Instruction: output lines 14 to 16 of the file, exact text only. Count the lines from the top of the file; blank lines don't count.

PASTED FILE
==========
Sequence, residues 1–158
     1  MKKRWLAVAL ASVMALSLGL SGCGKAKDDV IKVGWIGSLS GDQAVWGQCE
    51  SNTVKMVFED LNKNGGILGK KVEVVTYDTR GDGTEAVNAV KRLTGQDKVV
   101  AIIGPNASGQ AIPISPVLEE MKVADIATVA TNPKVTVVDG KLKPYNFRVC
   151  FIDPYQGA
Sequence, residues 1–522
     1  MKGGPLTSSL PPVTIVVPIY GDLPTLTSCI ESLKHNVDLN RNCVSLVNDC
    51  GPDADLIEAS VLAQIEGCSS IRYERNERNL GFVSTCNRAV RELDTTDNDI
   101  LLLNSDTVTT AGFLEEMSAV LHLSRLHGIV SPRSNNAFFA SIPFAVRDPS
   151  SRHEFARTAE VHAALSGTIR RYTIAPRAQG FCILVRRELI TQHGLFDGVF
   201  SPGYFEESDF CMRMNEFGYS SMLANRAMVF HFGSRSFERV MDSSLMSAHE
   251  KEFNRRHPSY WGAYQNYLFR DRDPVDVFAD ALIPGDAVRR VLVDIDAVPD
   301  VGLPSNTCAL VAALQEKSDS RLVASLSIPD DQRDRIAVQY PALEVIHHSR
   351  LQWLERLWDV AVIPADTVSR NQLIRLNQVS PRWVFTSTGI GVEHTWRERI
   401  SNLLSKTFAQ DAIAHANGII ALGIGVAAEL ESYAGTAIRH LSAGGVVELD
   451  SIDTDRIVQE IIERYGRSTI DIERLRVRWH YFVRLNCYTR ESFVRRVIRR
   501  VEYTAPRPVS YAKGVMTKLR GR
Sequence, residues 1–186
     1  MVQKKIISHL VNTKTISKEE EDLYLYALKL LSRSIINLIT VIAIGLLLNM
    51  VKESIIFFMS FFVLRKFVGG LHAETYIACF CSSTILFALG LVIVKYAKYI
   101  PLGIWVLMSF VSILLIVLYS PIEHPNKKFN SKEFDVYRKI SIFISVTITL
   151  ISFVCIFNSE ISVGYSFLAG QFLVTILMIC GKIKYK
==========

   351  LQWLERLWDV AVIPADTVSR NQLIRLNQVS PRWVFTSTGI GVEHTWRERI
   401  SNLLSKTFAQ DAIAHANGII ALGIGVAAEL ESYAGTAIRH LSAGGVVELD
   451  SIDTDRIVQE IIERYGRSTI DIERLRVRWH YFVRLNCYTR ESFVRRVIRR